New submitter The God of Code writes "EA has announced that they will be waiving all Origin distribution fees for crowd-funded games — like those from Kickstarter — for the first 90 days. 'The public support for crowd-funding creative game ideas coming from small developers today is nothing short of phenomenal,' Origin VP David DeMartini commented. 'It's also incredibly healthy for the gaming industry. Gamers around the world deserve a chance to play every great new game, and by waiving distribution fees on Origin we can help make that a reality for successfully crowd-funded developers.' The recently funded Wasteland 2 developer Brian Fargo applauds EA's move, saying, 'Having Origin waive their distribution fees for 90 days for fan funded games is a major economic bonus for small developers. We look forward to bringing Wasteland 2 to the Origin audience.'"
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medv4380 writes "38 Studios, run by Curt Schilling, is having a hard time paying its bills and employees. The gaming community hasn't been happy with the company since the issue with an Online Pass for Single Player Content, which we discussed previously. Now, 38 Studios has bounced a check intended as a payment on its $75 million loan from the state of Rhode Island. If the company defaults, Rhode Island taxpayers will have to cover the loan and interest, which could total nearly $100 million."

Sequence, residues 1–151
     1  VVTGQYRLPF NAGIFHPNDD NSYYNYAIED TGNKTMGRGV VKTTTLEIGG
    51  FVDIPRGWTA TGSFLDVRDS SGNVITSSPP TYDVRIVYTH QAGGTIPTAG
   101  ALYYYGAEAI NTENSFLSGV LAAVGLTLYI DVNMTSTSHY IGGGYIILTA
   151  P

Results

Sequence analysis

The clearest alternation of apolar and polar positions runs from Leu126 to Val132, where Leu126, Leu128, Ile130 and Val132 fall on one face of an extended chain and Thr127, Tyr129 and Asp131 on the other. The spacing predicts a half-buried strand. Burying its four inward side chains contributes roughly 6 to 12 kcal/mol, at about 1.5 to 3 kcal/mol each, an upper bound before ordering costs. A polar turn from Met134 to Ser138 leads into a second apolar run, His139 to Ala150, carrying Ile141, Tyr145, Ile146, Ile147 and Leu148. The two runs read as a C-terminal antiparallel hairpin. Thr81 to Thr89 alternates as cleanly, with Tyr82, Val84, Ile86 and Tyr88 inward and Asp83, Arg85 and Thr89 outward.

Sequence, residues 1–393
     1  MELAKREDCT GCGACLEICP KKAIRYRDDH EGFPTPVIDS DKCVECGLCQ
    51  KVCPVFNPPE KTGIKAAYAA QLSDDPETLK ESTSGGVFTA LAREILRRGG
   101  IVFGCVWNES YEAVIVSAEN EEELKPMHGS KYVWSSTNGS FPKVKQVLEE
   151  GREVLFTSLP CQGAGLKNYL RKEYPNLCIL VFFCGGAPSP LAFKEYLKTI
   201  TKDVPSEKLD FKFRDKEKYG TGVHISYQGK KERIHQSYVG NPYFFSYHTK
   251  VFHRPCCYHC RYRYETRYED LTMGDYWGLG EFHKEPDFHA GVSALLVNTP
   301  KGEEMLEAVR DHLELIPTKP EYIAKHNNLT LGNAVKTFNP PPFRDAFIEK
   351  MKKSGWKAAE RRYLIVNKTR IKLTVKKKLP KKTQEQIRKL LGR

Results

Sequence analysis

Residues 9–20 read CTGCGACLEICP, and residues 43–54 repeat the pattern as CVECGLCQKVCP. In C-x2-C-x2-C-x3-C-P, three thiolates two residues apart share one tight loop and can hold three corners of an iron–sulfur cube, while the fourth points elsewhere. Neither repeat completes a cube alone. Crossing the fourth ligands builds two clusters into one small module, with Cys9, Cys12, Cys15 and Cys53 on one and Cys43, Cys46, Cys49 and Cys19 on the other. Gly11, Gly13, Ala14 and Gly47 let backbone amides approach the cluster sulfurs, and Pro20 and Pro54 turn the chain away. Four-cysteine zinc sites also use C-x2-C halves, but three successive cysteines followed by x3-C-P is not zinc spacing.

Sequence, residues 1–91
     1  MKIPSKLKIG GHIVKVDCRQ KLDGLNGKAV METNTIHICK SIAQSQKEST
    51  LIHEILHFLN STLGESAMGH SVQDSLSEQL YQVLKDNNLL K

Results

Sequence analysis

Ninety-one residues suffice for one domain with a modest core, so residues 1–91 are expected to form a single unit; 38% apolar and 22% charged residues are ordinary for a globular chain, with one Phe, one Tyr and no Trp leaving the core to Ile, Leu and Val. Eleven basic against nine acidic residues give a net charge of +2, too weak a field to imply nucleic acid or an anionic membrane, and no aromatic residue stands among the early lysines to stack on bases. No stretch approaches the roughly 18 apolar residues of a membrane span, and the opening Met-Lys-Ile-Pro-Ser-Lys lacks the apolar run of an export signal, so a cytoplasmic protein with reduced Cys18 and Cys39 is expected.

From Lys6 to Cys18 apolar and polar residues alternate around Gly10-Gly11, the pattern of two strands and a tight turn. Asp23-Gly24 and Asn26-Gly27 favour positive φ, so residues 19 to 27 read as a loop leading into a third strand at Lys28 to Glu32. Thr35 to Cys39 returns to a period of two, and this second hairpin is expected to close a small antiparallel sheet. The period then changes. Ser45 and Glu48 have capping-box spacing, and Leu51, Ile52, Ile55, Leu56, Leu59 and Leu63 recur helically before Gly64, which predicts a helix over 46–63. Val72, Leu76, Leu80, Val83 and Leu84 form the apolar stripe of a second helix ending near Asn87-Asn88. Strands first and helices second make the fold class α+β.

Vigile writes "NVIDIA today announced a new technology partnership with Gaikai, an on-demand gaming company that competes with OnLive, to bring GeForce GRID to the cloud gaming ecosystem. GRID aims to increase both the visual quality and user experience of cloud gaming by decreasing latencies involved in the process — the biggest hindrance to acceptance for consumers. NVIDIA claims to have decreased the time for game stream capture and decode by a factor of three by handling the process completely on the GPU, while also decreasing the 'game time' with the power of the Kepler GPU. NVIDIA hopes to help both gamers and cloud streaming companies by offering 4x the density currently available and at just 75 watts per game stream. The question remains — will mainstream users adopt the on-demand games market as they have the on-demand video market?"